Administration of gnrh at onset of estrus, determined by automatic activity monitoring, to improve dairy cow fertility during the summer and autumn

Zvi Roth, Yaron Z. Kressel, Yaniv Lavon, Dorit Kalo, David Wolfenson*

*Corresponding author for this work

Research output: Contribution to journalArticlepeer-review

3 Scopus citations

Abstract

We examined gonadotropin-releasing hormone (GnRH) administration at onset of estrus (OE), determined by automatic activity monitoring (AAM), to improve fertility of dairy cows during the summer and autumn. The study was performed on two dairy farms in Israel. The OE was determined by AAM recorded every 2 h, and a single im dose of GnRH analogue was administered shortly after OE. Pregnancy was determined by transrectal palpation, 40 to 45 d after artificial insemination (AI). Conception risk was analyzed by the GLIMMIX procedure of SAS. Brief visual observation of behavioral estrus indicated that about three-quarters of the events (n = 40) of visually detected OE occurred within 6 h of AAM-detected OE. Accordingly, the GnRH analogue was administered within 5 h of AAM-detected OE, to overlap with the expected endogenous pre-ovulatory LH surge. Overall, pregnancy per AI (P/AI) was monitored over the entire experimental period (summer and autumn) in 233 first, second or third AI (116 and 117 AI for treated and control groups, respectively). Least square means of P/AI for treated (45.8%) and control (39.4%) groups did not differ, but group-by-season interaction tended to differ (p = 0.07), indicating no effect of treatment in the summer and a marked effect of GnRH treatment (n = 58 AI) compared to controls (n = 59 AI) on P/AI in the autumn (56.6% vs. 28.5%, p < 0.03). During the autumn, GnRH-treated mature cows (second or more lactations), and postpartum cows exhibiting metabolic and uterine diseases, tended to have much larger P/AI than their control counterparts (p = 0.07–0.08). No effect of treatment was recorded in the autumn in first parity cows or in uninfected, healthy cows. In conclusion, administration of GnRH within 5 h of AAM-determined OE improved conception risk in cows during the autumn, particularly in those exhibiting uterine or metabolic diseases postpartum and in mature cows. Incorporation of the proposed GnRH treatment shortly after AAM-detected OE into a synchronization program is suggested, to improve fertility of positively responding subpopulations of cows.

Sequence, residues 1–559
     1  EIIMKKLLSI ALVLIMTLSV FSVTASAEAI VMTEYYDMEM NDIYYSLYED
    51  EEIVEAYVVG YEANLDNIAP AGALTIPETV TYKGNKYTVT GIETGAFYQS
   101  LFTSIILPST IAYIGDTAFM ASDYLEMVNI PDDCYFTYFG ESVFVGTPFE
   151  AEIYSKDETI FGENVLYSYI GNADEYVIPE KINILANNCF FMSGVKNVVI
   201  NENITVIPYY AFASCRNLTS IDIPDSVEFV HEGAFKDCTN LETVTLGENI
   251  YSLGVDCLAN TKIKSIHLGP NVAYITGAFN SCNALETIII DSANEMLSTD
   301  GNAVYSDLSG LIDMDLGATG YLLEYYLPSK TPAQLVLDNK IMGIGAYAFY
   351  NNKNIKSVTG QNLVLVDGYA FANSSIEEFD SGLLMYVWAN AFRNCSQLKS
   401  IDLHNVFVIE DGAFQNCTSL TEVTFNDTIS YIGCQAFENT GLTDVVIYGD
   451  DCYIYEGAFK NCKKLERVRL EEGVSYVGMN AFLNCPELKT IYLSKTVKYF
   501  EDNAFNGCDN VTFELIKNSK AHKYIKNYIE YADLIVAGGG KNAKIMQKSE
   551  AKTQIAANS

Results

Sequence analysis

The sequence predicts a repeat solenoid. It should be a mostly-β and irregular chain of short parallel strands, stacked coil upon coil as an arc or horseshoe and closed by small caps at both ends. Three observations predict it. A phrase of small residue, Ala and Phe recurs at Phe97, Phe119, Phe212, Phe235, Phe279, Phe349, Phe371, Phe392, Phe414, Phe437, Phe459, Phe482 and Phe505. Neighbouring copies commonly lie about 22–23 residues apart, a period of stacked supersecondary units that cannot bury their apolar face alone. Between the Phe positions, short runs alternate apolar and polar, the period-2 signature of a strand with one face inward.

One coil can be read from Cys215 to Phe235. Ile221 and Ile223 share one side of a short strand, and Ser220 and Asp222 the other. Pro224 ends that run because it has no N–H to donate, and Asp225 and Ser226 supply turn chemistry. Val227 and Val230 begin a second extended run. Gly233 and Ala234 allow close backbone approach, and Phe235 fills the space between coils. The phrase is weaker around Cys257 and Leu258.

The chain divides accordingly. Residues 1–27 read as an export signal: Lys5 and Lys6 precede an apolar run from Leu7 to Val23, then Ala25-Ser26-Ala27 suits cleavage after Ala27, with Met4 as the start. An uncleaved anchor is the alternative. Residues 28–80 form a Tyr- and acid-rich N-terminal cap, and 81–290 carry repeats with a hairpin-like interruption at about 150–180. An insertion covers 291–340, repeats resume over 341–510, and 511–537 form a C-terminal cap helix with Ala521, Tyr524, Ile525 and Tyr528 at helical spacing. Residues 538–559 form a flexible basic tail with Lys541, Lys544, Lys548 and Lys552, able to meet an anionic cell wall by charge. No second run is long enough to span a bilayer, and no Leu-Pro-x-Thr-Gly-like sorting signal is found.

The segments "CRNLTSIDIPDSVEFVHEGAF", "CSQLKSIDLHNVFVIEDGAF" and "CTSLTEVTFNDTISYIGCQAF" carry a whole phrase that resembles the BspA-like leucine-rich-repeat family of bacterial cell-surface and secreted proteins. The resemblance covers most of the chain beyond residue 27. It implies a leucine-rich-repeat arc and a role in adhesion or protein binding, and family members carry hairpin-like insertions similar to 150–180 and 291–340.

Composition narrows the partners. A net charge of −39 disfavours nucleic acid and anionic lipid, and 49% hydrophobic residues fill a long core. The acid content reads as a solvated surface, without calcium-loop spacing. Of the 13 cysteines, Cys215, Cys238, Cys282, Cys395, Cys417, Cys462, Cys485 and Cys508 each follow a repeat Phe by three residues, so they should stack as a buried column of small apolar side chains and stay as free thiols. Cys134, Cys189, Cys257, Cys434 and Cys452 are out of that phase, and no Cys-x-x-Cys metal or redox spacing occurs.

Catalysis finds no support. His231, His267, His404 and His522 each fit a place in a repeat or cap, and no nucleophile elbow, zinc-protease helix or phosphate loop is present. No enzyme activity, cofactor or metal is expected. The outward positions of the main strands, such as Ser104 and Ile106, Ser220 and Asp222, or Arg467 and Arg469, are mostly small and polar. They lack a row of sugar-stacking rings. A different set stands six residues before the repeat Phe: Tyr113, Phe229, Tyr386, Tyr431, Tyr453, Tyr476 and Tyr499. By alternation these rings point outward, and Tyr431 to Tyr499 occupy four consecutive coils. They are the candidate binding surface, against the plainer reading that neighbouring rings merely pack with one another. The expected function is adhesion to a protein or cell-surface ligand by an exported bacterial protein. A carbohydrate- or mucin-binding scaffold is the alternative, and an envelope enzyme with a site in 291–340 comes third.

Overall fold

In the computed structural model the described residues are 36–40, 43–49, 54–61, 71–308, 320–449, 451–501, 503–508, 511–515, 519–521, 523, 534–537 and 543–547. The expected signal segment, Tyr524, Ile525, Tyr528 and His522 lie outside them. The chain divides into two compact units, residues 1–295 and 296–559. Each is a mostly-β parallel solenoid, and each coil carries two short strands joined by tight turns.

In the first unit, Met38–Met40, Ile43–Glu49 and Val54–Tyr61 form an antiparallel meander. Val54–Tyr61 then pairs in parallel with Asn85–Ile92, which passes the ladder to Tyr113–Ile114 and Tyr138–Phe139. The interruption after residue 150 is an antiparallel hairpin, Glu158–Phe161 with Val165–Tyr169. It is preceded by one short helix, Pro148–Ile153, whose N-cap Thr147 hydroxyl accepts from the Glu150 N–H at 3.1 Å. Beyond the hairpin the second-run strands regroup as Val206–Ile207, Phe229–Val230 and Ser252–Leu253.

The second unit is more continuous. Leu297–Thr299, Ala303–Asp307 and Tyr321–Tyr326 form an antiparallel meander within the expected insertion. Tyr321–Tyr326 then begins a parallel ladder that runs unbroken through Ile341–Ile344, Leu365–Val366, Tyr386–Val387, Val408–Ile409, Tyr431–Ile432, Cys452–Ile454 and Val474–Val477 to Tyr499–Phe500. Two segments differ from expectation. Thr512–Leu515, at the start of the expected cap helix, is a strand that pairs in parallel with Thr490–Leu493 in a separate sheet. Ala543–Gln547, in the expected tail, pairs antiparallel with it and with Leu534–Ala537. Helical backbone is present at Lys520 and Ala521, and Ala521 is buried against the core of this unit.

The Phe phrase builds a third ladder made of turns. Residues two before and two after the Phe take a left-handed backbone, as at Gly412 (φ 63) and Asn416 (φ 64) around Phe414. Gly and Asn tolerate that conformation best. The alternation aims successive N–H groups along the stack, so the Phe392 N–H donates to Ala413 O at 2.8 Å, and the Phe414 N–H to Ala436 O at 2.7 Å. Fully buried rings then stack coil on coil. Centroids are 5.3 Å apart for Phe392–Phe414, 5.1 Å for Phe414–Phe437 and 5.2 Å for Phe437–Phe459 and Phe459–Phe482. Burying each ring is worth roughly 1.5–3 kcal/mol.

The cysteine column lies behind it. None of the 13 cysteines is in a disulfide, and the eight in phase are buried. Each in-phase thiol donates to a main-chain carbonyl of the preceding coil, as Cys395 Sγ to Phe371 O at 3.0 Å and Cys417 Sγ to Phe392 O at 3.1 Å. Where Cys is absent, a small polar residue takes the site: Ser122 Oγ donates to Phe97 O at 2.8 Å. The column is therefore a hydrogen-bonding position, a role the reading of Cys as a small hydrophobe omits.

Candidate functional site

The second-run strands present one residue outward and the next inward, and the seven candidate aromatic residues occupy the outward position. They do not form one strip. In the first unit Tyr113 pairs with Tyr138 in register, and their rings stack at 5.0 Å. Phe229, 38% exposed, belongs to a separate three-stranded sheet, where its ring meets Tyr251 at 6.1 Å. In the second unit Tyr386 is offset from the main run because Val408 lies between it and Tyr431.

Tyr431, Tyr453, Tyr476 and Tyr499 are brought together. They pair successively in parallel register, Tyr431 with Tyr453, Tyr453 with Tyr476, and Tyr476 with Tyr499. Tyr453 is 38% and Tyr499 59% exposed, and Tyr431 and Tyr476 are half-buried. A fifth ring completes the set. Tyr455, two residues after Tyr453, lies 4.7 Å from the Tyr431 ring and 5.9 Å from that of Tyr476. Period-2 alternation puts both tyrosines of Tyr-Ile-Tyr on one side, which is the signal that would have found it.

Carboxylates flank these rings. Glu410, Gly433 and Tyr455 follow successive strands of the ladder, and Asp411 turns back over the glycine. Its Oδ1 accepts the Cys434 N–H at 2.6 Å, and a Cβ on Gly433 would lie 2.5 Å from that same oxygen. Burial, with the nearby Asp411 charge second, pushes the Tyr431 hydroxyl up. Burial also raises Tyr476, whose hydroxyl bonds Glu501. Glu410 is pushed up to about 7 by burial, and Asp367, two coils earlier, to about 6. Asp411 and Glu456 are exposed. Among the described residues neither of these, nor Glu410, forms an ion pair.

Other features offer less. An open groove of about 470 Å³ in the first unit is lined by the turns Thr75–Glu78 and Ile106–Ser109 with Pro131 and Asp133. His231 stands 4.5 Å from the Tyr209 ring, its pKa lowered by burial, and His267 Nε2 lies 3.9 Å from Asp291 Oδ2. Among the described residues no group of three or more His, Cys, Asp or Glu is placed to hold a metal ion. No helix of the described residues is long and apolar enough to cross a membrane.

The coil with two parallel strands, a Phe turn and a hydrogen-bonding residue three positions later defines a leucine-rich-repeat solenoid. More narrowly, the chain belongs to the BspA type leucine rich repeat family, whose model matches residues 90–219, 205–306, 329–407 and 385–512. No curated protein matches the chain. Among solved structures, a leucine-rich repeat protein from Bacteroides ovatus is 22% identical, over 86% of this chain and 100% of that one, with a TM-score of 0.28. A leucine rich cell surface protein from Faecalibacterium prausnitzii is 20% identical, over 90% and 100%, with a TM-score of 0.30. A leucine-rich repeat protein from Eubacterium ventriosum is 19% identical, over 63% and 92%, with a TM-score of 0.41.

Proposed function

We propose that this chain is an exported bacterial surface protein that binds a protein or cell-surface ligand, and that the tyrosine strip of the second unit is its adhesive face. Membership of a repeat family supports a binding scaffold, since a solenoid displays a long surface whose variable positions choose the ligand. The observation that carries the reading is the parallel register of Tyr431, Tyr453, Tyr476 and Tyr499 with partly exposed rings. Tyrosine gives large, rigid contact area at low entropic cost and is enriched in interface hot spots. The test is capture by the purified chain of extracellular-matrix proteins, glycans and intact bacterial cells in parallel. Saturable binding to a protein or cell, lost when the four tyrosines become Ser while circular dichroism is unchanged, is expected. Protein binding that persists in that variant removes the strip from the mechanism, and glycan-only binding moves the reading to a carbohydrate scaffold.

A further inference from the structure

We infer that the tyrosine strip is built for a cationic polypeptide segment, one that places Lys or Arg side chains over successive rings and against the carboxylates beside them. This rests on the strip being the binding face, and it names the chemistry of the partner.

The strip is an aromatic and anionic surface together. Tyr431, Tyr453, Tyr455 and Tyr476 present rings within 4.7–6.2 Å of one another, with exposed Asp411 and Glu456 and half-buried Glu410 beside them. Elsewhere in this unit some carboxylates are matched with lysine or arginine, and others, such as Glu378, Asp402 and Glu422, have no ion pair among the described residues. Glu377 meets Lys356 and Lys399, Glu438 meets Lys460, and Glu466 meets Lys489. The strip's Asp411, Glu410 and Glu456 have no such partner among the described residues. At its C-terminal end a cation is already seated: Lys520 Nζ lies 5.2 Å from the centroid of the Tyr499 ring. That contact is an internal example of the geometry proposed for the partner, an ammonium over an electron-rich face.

Original languageAmerican English
Article number2194
JournalAnimals
Volume11
Issue number8
DOIs
StatePublished - 23 Jul 2021

Bibliographical note

Publisher Copyright:
© 2021 by the authors. Licensee MDPI, Basel, Switzerland.

Keywords

  • Disease
  • Estrus onset
  • Fertility
  • GnRH
  • Heat stress

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